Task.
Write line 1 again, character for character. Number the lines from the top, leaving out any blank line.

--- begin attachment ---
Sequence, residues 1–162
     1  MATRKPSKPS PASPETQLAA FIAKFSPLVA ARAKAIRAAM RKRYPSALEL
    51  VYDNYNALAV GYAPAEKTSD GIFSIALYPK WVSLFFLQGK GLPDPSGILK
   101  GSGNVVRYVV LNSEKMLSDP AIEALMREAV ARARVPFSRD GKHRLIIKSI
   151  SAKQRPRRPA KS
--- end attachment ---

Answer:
Sequence, residues 1–162